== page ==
The latest jobs data suggests an interest rate cut may be imminent.
The Labor Department reported on June 7 that U.S. nonfarm payroll employment increased by 75,000 in May, while the unemployment rate remained unchanged at 3.6%. This level of job creation was well below economists’ forecasts of about 185,000 new jobs, as well as below the average monthly increase of 164,000 in 2019 and 223,000 in 2018.
Although it’s difficult – even for an economist like me who studies economic policy – to interpret the data reported in any one jobs report as the beginning of a trend, the latest numbers do suggest the Federal Reserve may have to lower its benchmark interest rate to shore up the economy.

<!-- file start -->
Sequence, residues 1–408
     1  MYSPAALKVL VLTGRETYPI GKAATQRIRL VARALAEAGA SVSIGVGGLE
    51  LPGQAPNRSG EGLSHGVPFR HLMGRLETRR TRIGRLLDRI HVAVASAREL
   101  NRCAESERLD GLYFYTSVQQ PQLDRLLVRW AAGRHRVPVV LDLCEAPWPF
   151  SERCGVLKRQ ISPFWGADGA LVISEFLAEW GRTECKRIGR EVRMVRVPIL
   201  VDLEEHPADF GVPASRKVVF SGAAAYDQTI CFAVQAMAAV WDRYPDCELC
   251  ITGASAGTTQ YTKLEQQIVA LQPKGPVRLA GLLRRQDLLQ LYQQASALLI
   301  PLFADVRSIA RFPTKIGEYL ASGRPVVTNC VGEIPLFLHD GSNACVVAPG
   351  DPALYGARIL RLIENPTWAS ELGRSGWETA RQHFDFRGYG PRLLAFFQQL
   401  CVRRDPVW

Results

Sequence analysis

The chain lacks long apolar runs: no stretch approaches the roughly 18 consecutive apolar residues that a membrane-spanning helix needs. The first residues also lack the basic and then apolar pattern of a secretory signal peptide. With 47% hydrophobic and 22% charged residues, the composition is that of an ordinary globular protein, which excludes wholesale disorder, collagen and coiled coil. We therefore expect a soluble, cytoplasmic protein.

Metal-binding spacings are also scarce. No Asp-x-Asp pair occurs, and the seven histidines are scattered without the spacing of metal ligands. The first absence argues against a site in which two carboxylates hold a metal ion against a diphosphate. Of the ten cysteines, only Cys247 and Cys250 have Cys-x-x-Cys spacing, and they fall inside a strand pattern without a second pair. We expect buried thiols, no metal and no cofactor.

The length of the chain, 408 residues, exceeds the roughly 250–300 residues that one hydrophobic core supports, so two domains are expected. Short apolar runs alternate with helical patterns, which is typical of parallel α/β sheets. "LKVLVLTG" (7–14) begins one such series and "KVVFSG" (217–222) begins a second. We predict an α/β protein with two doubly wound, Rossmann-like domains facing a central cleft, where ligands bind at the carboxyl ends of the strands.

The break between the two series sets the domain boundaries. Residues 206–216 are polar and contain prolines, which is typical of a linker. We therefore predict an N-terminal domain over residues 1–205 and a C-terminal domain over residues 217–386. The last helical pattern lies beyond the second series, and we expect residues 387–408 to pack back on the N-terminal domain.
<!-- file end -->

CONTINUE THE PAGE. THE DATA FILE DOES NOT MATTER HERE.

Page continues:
That may happen as soon as this month, when the Fed’s interest rate-setting panel, the Federal Open Market Committee, convenes its next meeting June 18-19. A cut would be a sharp reversal from Fed policy as recently as December, when it last raised the rate.
Even before the May jobs data, the Fed was signaling it was ready to act. Its chair, Jerome H. Powell, said as much on June 4. Alluding to the Trump administration’s ongoing trade dispute with China and the imminent imposition of migration-related tariffs on Mexico, Powell said that the Fed “will act as appropriate to sustain the expansion.”